The number of people experiencing homelessness in King County has decreased by 8 percent in the past year, according to King County’s 2019 Count Us In report. But that doesn’t mean outreach and assistance isn’t any less vital.
Community activist and Sammamish resident Tyler Zangaglia understands this. When the now 20-year-old was a freshman at Eastlake High School, he became aware of the need in King County and decided to lend a helping hand himself. He volunteered for the Harvest Festival in Bellevue in 2015. The festival was a single-day event that served people in need. Unfortunately, the organization moved north to Bellingham shortly after.
After the Harvest Festival moved locations, Zangaglia said it left a gap in their services. Interested in filling the gap himself, Zangaglia reached out to the Harvest Festival’s organizers to find out what he and his friends could do to help.
“I really wanted to take the next step and feel like I was making a bigger difference in my community,” he said. “This opportunity was so perfect. It was so much bigger than me. It allowed me to work with other people, be creative and build something from the ground up — to do something that was purposeful and intentional. Something that could really have an impact on people who needed it.”
Zangaglia, Elliott Wong, and others got to work right away. In 2015, the team worked on the framework of what their take on the event would look like. After it was fully redesigned, the event was renamed HopeFest.
HopeFest quickly became a nonprofit organization and is a brainchild of the Eastlake High School Rotary Interact Club. The organization became entirely operated by high school students. The team spent a year organizing and had many sleepless nights packing boxes of donations that included food, clothes and toys. At the time, the festival had some 50 to 60 youth volunteers running the event.
Wong, now 21, has been working alongside Zangaglia, whom he considers a good friend, from the beginning. A sophomore when the organization started, Wong said he felt somewhat skeptical at first.
“I’m glad I took the risk,” he said about coming alongside Zangaglia. “Everything we did prior to the actual HopeFest felt like a dream or like a school project. It wasn’t until we opened the doors that everything hit us. It’s one of the best feelings I’ve ever had.”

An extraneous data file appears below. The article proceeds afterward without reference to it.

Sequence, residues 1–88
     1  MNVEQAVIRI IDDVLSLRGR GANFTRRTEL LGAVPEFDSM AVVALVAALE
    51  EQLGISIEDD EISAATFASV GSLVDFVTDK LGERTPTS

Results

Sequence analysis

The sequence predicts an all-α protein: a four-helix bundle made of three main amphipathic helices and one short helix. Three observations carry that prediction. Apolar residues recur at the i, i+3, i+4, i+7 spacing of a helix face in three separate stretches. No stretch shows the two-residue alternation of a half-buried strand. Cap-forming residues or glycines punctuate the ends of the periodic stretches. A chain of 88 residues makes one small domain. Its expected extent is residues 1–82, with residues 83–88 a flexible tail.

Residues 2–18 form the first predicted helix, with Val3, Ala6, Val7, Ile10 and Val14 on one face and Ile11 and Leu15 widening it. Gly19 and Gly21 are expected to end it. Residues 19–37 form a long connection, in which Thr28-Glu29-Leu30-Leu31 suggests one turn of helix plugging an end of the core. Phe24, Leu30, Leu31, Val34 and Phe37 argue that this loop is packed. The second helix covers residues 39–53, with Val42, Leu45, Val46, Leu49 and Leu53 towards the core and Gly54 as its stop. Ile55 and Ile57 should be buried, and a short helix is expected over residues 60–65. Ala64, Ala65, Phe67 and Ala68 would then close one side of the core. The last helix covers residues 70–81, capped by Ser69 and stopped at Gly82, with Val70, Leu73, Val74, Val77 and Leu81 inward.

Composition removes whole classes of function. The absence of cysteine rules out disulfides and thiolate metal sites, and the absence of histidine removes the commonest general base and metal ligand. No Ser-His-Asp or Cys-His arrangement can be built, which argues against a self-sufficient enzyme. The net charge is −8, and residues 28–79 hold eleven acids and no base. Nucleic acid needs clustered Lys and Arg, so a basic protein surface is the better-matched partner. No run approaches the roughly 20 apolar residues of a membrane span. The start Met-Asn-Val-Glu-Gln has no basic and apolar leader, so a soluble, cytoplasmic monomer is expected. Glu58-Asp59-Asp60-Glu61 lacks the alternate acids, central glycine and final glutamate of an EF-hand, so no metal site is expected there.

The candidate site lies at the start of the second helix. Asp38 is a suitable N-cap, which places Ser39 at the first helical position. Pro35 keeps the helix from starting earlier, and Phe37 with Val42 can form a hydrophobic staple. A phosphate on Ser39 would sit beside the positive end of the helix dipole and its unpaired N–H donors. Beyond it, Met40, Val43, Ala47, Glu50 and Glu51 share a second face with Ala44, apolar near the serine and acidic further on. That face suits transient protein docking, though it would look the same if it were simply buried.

Zangaglia and Wong both grew up in Sammamish, an affluent community on the Eastside. Recognizing their class status, the two felt a responsibility to help the less fortunate.
“For those who are lucky enough to have a roof over their head, water to drink and food to eat, I feel like [we] have a responsibility to give back to those who are in need in our community,” Zangaglia said. “We have a responsibility to do our part in making the world a better place.”
Since 2015, HopeFest has been working to make the world a better place. Coming up on its sixth year, HopeFest has offered low-income and homeless people supplies such as food, clothing, books and hygiene products. The annual festival also offers free services such as dental care, haircuts, free vaccinations and health screenings.
The organization is completely operated by youth and most are from Eastlake High School. HopeFest brings in more than 350 youth volunteers, plus 20 high schoolers who are department leaders. With the help of volunteers, and through partnerships with local businesses and organizations, HopeFest offers free items and services.
Zangaglia is currently a sophomore at Gonzaga University but he still makes the time to lead the HopeFest 2020 directors from Eastlake High School. He said they have been working all year to plan the next and largest edition of HopeFest. Wong, who is a junior at Washington State University, has also been helping to plan the festival. Both will be back to help with the event in March.
HopeFest 2020 will take place from 3 to 7 p.m. on Saturday, March 14, 2020, at Bellevue Highland Community Center, 14224 Bel-Red Road in Bellevue.
“Getting involved in the community and doing service for the greater good of others just opens your eyes to something greater than yourself,” Zangaglia said. “One of the things that keeps motivating me is that these are our peers, our friends, our neighbors who are in need. It’s not just complete strangers.”